From William Livingston
Morris Town 18 June 1777.
I take the Liberty to inclose you a Discharge from Capt. Wetherby to one Sharp a Soldier in the Service of the united States; and Sharp’s Affidavit of his having paid the Capt. 100 Dollars to obtain it.1 I cannot learn with any certainty to whose Battalion, Wetherby belongs, but am told that he belongs to Collo. Forman’s. If he was an officer in one of the Regiments raised by this State, I should agreable to a Resolution of Congress of the 14 of April last,2 have spared your Excellency the Trouble of ordering an Inquiry in the Matter. I am with great Respect your Excellency’s most humble Servt
1. Henry Sharp’s accusations against Benjamin Wetherby appear in his affidavit of 23 May 1777, sworn before Justice John Sparks and in Sparks’s writing: “Personly appered Before me the Subscrbr one of the Justics for the State of new Jersy Henry Sharp and upon his Solom Oath Doth Say that he was Inlisted by Capn Benjbin Watherby and that he Give to Said Captian for his Discharge the Sume of one hundered Dowllers and further he Sayeth not” (DLC:GW). Benjamin Wetherby (Weatherby; Weatherbee), a Loyalist who had been arrested in the summer of 1776 for enlisting troops for the British service and confined until recently, apparently did not serve in the Continental army (see John Sullivan to GW, 19 June, Livingston to GW, 11 July, and GW to Livingston, 12 July).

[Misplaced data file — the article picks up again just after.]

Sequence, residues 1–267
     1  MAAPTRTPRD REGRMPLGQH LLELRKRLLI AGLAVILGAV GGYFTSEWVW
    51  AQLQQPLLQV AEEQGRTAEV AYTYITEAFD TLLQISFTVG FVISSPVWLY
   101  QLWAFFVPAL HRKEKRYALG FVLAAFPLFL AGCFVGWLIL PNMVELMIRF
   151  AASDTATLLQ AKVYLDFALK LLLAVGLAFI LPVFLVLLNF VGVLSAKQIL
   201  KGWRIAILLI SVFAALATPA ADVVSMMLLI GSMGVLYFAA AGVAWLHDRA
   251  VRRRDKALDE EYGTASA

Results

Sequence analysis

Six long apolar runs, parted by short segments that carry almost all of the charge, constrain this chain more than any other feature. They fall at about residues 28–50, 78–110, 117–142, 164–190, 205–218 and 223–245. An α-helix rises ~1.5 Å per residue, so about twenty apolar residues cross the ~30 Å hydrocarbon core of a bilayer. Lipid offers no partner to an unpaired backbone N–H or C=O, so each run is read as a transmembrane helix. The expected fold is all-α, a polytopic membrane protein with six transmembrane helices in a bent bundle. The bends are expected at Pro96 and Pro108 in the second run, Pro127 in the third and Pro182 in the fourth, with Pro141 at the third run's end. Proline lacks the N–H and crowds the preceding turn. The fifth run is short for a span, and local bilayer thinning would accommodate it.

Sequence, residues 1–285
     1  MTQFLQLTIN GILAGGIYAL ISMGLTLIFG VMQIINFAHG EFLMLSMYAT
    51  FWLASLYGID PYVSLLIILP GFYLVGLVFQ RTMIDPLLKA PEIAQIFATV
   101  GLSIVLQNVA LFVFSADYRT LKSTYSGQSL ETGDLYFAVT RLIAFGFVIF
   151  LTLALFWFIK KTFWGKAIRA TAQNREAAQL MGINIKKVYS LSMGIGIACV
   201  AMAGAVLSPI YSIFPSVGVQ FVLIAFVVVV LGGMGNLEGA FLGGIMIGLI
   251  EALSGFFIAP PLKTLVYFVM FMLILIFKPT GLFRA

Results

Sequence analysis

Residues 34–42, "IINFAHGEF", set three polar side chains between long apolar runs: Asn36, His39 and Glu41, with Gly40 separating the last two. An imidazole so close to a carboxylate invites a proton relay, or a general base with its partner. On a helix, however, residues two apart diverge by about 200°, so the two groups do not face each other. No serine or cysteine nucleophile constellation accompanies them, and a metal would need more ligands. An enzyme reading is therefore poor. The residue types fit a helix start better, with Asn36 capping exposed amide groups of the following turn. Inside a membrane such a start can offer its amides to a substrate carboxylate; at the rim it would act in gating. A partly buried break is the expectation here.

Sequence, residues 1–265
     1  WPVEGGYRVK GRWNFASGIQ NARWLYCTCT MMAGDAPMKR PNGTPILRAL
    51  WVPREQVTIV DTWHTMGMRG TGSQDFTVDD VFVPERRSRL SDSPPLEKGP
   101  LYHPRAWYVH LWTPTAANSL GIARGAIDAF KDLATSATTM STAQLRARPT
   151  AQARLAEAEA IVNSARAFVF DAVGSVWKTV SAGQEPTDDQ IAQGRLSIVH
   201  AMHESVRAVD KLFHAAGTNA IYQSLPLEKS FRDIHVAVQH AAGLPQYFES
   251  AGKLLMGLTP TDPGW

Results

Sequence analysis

2. For the Continental Congress’s resolution of 14 April 1777 recommending that the executive powers of the states inquire into the conduct of the recruiting officers under their jurisdiction, see Hancock to GW, 16 April, and note 3 (see also JCC description begins Worthington Chauncey Ford et al., eds. Journals of the Continental Congress, 1774-1789. 34 vols. Washington, D.C., 1904–37. description ends , 7:261).